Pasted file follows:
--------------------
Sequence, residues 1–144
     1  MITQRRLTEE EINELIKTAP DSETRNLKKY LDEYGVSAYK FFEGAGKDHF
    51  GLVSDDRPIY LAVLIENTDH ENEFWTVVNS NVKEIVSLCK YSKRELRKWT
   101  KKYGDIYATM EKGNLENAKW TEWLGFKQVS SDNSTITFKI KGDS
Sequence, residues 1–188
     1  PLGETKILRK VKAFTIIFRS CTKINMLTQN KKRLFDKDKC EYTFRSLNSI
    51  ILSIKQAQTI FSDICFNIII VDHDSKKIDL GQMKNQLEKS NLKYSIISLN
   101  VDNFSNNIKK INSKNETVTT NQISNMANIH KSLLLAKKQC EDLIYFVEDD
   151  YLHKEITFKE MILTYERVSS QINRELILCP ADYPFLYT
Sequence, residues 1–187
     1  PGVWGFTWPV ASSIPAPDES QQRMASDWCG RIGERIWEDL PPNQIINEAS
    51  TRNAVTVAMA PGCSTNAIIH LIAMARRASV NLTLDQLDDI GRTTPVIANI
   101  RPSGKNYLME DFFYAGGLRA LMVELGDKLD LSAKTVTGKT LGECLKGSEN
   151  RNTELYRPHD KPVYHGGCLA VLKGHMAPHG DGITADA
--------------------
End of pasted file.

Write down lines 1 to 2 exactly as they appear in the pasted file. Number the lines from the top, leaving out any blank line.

Sequence, residues 1–144
     1  MITQRRLTEE EINELIKTAP DSETRNLKKY LDEYGVSAYK FFEGAGKDHF